The Displaced and Dispossessed of Darfur [Audio]
Speaker(s): Professor John Hagan | Editor's note: We apologise for the poor audio quality of this podcast. In addition to 300,000 deaths, the Darfur genocide has forced the displacement of about 3,000,000 people. John Hagan examines this through the application of social historical methods. John Hagan is John D MacArthur Professor of Sociology and Law at Northwestern University and co-director of the Center on Law and Globalization at the American Bar Foundation in Chicago. Tim Allen is professo
European Questions - Turkish Angles: Europe's history [Audio]
Speaker(s): Professor Stephen Houlgate, Professor Şevket Pamuk, Professor Donald Sassoon | Editor's note: Unfortunately the last few minutes of the lecture are missing from the podcast. These events explore how our understanding of Europe's identity can be enhanced and developed in a new way by taking in a distinctively Turkish perspective. Stephen Houlgate is professor of philosophy at the University of Warwick. Şevket Pamuk is professor of contemporary Turkish studies at the European Institu
State of Emergency: The Way We Were, Britain 1970-1974 [Audio]
Speaker(s): Dominic Sandbrook | The beginning of the 1970s saw Britain tottering on the brink of an abyss. Yet this time of immense unrest was also one of astonishing creativity and innovation, which helped shape society as we know it today. For perhaps the last time in our history Britain experienced the shock of the new, from celebrity footballers and the pornography boom to high street curry houses and foreign holidays. Dominic Sandbrook was born in Shropshire in 1974, an indirect result of t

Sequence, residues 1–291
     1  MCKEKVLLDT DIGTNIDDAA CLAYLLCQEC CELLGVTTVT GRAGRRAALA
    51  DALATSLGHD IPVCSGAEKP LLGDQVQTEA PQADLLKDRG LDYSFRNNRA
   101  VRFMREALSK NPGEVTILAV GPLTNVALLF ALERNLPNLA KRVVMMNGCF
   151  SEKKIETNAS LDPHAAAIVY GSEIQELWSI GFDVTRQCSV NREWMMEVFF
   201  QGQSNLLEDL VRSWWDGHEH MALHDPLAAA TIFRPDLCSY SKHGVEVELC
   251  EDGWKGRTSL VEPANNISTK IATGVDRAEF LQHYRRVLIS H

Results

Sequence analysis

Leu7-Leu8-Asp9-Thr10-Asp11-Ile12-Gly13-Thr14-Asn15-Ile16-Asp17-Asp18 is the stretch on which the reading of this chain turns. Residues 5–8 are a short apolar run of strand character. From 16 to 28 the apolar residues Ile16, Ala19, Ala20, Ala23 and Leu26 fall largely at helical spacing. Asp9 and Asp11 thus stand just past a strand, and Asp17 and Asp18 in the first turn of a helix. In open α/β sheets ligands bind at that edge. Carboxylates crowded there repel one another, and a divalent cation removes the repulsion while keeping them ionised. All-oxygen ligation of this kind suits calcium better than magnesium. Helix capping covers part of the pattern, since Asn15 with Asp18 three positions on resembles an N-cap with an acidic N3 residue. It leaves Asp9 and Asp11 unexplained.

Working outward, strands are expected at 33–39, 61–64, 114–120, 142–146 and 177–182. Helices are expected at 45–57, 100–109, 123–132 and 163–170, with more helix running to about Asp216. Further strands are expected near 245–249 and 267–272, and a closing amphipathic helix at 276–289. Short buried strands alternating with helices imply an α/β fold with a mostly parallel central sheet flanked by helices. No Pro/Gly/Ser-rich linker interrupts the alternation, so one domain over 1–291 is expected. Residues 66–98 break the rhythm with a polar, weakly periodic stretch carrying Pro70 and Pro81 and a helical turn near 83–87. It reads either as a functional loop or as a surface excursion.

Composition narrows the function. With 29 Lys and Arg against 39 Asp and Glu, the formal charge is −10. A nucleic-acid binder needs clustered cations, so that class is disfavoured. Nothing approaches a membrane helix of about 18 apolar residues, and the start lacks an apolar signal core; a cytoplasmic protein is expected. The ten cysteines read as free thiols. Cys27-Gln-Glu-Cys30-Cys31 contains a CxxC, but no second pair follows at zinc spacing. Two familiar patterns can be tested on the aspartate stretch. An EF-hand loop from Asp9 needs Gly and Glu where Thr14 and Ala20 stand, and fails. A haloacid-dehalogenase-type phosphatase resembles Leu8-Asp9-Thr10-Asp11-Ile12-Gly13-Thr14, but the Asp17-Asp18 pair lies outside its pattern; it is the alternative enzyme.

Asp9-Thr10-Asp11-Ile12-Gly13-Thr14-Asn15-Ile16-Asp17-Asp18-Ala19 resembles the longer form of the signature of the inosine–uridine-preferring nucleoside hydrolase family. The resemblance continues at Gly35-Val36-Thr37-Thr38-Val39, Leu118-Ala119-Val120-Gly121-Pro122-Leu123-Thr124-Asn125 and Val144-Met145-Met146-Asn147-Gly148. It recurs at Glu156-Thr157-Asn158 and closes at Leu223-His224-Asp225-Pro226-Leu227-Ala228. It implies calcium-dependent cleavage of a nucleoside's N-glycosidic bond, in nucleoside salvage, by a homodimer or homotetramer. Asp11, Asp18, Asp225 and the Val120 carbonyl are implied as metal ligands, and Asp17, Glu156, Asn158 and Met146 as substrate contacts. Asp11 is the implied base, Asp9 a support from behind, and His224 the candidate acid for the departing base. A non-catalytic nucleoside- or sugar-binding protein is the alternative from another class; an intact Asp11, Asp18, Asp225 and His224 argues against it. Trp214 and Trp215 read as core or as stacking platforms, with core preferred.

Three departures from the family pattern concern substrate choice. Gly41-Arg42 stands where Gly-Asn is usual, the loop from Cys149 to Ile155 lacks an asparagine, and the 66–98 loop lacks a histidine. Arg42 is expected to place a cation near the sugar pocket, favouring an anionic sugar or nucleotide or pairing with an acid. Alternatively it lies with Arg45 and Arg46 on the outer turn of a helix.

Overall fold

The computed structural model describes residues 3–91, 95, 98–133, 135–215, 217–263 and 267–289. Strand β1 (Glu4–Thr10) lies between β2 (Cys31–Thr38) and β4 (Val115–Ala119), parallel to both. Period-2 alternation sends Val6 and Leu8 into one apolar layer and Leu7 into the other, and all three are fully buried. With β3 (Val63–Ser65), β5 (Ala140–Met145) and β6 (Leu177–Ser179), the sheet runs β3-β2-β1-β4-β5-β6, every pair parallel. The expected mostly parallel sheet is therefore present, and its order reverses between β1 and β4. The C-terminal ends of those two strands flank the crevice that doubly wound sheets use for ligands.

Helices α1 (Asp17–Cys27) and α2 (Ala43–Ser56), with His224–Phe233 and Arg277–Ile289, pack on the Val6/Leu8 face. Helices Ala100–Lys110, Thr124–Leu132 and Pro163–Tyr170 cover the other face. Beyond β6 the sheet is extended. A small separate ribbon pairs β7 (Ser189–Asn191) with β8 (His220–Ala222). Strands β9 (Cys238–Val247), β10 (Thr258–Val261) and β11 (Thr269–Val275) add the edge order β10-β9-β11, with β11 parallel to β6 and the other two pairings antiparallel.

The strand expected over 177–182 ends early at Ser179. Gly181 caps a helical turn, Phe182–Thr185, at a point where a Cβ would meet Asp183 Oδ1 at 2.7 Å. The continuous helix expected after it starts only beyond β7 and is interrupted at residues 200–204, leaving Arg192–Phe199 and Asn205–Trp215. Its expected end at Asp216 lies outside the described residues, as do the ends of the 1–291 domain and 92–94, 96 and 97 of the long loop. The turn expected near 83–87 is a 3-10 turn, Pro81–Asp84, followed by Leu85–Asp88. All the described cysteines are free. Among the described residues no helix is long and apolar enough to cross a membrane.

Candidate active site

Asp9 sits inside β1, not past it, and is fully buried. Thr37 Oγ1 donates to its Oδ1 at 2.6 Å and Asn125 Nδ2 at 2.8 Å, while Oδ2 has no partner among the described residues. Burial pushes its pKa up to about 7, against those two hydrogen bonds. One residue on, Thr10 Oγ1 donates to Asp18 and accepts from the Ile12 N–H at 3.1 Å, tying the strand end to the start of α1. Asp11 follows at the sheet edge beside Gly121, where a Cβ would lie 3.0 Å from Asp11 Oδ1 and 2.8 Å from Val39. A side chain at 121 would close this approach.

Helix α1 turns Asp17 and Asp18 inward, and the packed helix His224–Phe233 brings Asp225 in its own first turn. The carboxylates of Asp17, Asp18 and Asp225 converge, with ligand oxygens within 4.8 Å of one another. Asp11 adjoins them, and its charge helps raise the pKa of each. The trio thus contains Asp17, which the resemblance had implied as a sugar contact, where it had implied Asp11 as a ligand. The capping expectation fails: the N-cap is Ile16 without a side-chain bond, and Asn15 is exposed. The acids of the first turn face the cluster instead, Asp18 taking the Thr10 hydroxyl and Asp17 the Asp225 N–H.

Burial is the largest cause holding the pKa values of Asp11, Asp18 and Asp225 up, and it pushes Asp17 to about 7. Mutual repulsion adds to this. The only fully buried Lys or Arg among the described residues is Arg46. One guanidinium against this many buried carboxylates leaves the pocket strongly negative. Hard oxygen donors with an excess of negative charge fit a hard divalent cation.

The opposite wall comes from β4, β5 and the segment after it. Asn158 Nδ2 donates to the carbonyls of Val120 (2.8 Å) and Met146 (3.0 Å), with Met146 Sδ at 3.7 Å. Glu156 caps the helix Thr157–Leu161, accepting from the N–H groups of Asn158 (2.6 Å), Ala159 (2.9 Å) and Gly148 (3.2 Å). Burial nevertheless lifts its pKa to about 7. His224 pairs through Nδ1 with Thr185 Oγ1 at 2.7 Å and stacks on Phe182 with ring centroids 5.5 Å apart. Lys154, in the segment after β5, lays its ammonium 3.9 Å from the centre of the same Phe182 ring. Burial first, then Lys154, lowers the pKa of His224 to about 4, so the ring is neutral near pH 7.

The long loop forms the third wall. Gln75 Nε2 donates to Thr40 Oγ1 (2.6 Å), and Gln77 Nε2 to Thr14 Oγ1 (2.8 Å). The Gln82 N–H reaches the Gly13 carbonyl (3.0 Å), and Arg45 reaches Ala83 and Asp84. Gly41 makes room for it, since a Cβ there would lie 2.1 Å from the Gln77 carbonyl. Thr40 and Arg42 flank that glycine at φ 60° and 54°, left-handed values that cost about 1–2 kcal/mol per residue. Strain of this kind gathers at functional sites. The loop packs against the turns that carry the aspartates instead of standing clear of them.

Lady Chatterley's Lover: Fifty years on [Audio]
Speaker(s): Lord Hutchinson QC, Helena Kennedy QC, Geoffrey Robertson QC | Editor's note: This lecture contains sexually explicit language and/or profanity, please do not download if you may be offended. On 2nd November 1960 the jury at the Old Bailey acquitted Penguin Books of obscenity for publishing an uncensored version of D.H. Lawrence's controversial novel. Geoffrey Robertson QC and a panel explore the impact of the trial on our current laws and assumptions on freedom of expression. This e
Them and Us: why we need a fair society [Audio]
Speaker(s): Will Hutton | Will Hutton discusses the issues raised in his new book 'Them and Us: politics, greed and inequality' – why we need a fair society. Will Hutton is the executive vice-chair of The Work Foundation and senior visiting fellow at LSE Global Governance.
Fred Halliday - an intellectual appreciation [Audio]
Speaker(s): Professor Michael Cox, Howard Davies, Professor Fawaz Gerges, Professor Christopher Hill, Professor Margot Light, Dr Justin Rosenberg | This public event is an intellectual appreciation of Professor Fred Halliday who worked at the London School of Economics and Political Science for more than 20 years and who sadly passed away in April 2010. Michael Cox is professor of international relations at LSE. Howard Davies is director of LSE. Fawaz Gerges is professor of middle eastern politi
Freedom and Agency [Audio]